Click over to our latest Throwback Thursday post for links to their blogs and social media, rules and more info or, as always, to see all the links or add your own, click on the little blue frog, below.

And, as I do almost every Friday, I’ll be linking up to Angie’s Fiesta Friday – this week is Fiesta Friday 123, co-hosts this week are Margy @ La Petite Casserole and Linda @ La Petite Paniere.

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Make a real, deal Chimichurri...along with a few secrets on how to make the best one. The most important thing? Age it! #Chimichurri

36 thoughts on “Chimichurri

  1. Pingback: Chimichurri Sauce on Ribeye Steak ~ or Whatever! | anotherfoodieblogger

  2. krisbigrigsncookies

    I’ve never made a Chimi, and just had my first taste of one not long ago, and I was in love with it. I need to start experimenting with some recipes and learn more about our likes and dislikes of them. I will have to start with yours, and I think I will make it a day ahead of time 🙂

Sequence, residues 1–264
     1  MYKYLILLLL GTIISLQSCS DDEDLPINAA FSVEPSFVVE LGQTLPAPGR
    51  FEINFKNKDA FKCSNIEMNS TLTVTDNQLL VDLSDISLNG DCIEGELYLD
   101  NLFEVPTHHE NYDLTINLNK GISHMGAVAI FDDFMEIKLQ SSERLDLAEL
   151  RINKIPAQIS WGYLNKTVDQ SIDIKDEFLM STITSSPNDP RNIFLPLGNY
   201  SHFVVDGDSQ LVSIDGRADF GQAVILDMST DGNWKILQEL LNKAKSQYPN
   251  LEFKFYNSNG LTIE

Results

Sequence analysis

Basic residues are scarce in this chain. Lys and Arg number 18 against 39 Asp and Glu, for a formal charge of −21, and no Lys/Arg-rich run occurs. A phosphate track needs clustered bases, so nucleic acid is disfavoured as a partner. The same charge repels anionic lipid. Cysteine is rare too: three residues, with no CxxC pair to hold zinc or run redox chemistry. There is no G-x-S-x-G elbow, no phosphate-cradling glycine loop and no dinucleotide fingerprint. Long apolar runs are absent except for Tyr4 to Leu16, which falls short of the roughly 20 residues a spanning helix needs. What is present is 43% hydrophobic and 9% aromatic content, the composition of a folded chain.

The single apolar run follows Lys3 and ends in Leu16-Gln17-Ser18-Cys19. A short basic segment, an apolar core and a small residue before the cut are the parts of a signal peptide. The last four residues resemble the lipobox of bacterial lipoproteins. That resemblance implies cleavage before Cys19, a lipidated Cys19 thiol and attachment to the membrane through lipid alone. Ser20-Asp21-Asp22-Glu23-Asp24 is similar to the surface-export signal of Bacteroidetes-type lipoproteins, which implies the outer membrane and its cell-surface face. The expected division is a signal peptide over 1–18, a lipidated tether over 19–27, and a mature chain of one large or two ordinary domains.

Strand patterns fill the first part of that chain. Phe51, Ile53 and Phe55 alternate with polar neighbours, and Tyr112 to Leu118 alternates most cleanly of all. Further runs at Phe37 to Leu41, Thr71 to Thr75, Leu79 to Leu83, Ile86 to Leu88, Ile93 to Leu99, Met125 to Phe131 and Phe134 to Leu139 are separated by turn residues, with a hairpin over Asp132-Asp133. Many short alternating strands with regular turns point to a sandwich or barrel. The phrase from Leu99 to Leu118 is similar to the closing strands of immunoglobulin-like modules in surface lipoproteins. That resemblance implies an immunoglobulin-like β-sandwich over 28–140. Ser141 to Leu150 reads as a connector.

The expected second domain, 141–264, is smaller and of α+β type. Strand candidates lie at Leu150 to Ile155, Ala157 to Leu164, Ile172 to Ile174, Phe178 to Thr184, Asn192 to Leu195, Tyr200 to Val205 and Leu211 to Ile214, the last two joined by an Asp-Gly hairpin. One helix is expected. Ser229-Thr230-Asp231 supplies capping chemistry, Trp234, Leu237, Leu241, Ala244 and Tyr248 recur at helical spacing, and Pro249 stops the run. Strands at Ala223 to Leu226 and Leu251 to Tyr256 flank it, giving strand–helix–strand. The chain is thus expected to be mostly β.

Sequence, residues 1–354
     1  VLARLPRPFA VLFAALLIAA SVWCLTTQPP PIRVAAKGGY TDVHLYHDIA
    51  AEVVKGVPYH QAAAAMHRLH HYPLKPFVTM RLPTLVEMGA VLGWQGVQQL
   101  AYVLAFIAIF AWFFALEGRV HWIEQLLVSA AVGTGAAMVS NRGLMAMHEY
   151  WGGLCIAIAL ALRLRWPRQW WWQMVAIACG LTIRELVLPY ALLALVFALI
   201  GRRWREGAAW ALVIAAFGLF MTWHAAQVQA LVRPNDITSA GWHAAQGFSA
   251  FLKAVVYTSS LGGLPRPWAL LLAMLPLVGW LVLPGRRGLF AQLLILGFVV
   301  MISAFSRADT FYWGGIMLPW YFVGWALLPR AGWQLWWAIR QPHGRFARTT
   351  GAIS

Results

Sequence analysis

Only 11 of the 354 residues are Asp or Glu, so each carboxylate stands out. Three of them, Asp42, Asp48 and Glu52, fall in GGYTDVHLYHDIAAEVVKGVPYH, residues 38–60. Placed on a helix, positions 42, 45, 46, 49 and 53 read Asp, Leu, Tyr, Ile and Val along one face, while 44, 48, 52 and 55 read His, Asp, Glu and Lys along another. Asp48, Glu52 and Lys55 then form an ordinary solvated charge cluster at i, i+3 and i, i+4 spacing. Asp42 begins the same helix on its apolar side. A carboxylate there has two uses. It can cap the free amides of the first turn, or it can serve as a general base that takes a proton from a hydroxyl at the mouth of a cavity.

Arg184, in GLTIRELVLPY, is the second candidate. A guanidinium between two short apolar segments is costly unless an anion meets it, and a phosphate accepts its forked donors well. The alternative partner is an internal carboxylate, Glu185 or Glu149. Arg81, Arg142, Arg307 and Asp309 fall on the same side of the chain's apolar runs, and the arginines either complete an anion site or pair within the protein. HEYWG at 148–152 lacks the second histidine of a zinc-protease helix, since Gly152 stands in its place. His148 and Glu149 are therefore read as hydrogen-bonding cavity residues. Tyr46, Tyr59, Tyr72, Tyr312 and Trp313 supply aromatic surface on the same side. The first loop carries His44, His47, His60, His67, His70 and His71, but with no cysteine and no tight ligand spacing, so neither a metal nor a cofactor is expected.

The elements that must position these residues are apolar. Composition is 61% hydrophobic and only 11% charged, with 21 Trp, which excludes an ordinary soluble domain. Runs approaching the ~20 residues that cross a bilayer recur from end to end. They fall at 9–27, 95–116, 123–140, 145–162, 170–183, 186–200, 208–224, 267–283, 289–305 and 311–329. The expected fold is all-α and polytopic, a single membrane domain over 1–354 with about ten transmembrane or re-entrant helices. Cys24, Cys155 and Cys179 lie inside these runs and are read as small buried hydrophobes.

• Well thanks, Kris! I think you can put all kinds of things in a Chimichurri so start with a basic (but delicious) one like this and then start experimenting – that’s a great way to go!

  3. I’ve never been a huge fan of chimichurri either, but now I am wondering if I’d like it better aged a bit. I have a crop of parsley coming up, I’ll have to give it a go. I may try it with my carrot greens too, I made a pesto last year but think a chimichurri would be fun too!

    • Carlee carrot greens sound like they’d be fantastic! I guess any kind – radish or beet would be fantastic. I did make pesto with parsley and beet greens once – it’s nice to find a use for them because they’re so beat up looking on their own and there’s never enough to steam for a side. 🙂

  4. When I lived in Kansas, my next door neighbor was from Argentina. He always made a big batch of chimichurri and let it sit and use it as needed for days. He had quite a few strict rules about it though, like not using food processor, no citrus juice, etc. Good grief!! I do have his recipe posted on the old blog, though. Yours is very close to it.

  5. I have never made chimichurri before, and really don’t know why not as we grill steaks a lot in the summer. I let my hubby do the grilling as he has perfected the perfect steak, just like the one you would have liked. Charry on the outside and rare-ish in the middle. I’ll have to give this sauce a whirl sometime this summer. 🙂

  6. I like it better after it’s sat a while. And even if I make just a regular recipe amount, it has to cause there’s just me eating it. At least a week.